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The Price is Right: How hot is too hot?

In the Interior, real estate is either booming or hurting – depending where you look

It's the other acronym for LNG – listings now gone.

Annelise Miller is testament to how crazy life has become in the once-sleepy community of Kitimat.

Born and raised in what has become British Columbia's economic hotspot, Annelise admits to wondering about her small town's future now that LNG Canada – Canada's largest-ever private sector investment – is moving full steam ahead.

For the time being, she’s far too busy to worry.

As one of only seven real estate agents in Kitimat, her telephone at Calderwood Realty hasn't stopped ringing.

"I now know how it feel to be in a call centre."

With thousands of men and women destined for Kitimat to construct and operate a $40 billion liquefied natural gas plant, the local housing market is on fire.

"I've sold so many homes in the past month that I've honestly lost count," says Miller.

Kitimat rolls out the welcome mat.

Not surprisingly, the law of supply and demand has quickly led to sharply higher prices. Kitimat realtors note that earlier this year, their average home price was around $275,000 – but today, it's easily over $400,000.

"I know of homes which have sold, sight unseen, to investors from Vancouver, Calgary and Edmonton," says Miller. Real estate agents from slower B.C. housing markets have expressed an interest in relocating to Kitimat.

As Kitimat’s real estate sector booms, elsewhere it has slowed down.

"Our market has clearly shifted," says Okanagan Mainline Real Estate Board president Marv Beer. His region only reported 585 residential closings last month, compared to nearly 750 a year ago – and according to Beers, that’s due to the provincial Speculation Tax targeting empty residences. The B.C. Real Estate Association (BCREA) estimates that one in five residential sales in the Okanagan involves buyers from outside B.C.

However, as the saying goes, one man's trash is another man's treasure.  The Kamloops and District Real Estate Association president Doren Quinton says the tax in the Kelowna region has steered more purchasers to his community, although he too has noticed a market shift in recent months, saying "prospective buyers are becoming more cautious."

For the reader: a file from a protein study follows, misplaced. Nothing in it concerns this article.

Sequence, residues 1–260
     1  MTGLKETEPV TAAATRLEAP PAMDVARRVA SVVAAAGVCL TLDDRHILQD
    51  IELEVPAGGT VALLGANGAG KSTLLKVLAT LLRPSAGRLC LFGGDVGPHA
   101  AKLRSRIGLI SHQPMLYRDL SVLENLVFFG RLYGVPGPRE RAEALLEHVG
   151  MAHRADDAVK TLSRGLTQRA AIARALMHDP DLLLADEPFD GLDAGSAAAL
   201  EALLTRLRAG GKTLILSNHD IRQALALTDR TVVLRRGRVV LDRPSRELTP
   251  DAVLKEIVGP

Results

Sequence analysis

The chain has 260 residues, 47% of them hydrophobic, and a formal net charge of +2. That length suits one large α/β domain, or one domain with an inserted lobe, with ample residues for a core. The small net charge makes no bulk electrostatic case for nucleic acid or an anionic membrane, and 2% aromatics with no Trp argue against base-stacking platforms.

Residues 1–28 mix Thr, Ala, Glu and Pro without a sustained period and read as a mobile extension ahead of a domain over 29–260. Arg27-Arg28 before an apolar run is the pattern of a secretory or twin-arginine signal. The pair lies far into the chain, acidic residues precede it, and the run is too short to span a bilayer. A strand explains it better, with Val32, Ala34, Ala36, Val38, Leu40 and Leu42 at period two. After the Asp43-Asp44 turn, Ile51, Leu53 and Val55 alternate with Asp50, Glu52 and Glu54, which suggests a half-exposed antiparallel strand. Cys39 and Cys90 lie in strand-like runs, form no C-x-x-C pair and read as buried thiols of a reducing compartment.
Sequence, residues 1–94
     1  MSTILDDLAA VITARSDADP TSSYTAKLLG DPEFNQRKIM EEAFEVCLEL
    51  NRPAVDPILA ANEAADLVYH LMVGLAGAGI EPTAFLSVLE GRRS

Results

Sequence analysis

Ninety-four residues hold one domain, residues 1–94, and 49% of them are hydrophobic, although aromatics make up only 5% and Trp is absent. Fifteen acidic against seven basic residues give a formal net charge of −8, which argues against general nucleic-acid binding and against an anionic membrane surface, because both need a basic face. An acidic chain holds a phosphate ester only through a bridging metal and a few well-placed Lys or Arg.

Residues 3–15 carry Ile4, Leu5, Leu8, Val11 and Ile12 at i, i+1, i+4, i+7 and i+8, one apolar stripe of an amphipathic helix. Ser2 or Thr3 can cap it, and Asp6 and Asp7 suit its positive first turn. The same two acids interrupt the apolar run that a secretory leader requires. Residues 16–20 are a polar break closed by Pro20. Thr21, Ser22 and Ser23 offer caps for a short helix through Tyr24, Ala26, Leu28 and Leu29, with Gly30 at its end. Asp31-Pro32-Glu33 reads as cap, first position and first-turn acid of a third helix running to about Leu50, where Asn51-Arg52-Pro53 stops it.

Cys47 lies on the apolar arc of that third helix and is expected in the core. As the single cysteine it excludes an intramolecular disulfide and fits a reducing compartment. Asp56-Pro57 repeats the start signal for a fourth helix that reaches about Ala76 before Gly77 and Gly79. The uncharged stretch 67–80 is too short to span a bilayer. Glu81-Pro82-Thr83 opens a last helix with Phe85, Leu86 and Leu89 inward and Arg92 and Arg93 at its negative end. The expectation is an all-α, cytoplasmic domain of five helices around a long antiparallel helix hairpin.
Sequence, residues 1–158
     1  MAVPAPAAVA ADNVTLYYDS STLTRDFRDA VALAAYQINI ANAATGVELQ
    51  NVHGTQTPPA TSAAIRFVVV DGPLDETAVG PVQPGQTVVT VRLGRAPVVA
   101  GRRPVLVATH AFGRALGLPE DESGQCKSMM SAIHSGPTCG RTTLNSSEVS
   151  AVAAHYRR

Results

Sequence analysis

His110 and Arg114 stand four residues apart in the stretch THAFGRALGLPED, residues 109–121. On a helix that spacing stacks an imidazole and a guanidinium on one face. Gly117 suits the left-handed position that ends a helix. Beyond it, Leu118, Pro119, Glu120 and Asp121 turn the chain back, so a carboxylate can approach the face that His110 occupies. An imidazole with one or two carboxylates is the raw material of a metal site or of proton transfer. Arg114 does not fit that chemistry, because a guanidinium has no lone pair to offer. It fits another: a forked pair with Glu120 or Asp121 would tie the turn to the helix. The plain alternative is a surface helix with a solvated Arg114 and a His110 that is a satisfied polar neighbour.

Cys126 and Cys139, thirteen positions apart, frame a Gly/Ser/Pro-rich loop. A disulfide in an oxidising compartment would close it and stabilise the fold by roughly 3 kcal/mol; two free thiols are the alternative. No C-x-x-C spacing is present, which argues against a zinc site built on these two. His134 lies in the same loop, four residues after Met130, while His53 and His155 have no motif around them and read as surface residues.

While Kamloops and area homes sales are showing a year-to-date decline of 9%, the average house price has climbed 9.2% to nearly $428,000.

As for the housing market further north, The B.C. Northern Real Estate Board reports sales have slowed, though prices remain generally stable. While communities such as Prince George, and Prince Rupert are reporting fewer sold signs in 2018, Williams Lake, Quesnel and Terrace continue to post modest increases.

So where is the Interior real estate market heading?

“It’s anyone’s guess,” says BCREA economist Brendon Augmundson. While he does see a modest correction in the short term for the overall B.C. market, Augmundson says there are also rumblings that Ottawa's more stringent mortgage stress test may be eased sooner than later – and that could ignite a new round of buying.

In short, with the exception of communities impacted by the current LNG excitement, the Interior housing market is once again returning to balance.

The question is, for how long?

As always, I welcome your comments on Twitter @kammornanchor

Bob Price is a veteran B.C. broadcaster who anchored the morning news on CHNL radio in Kamloops for the past 30 years. Bob is also a past Webster Award winner whose previous stops included Vancouver and Calgary.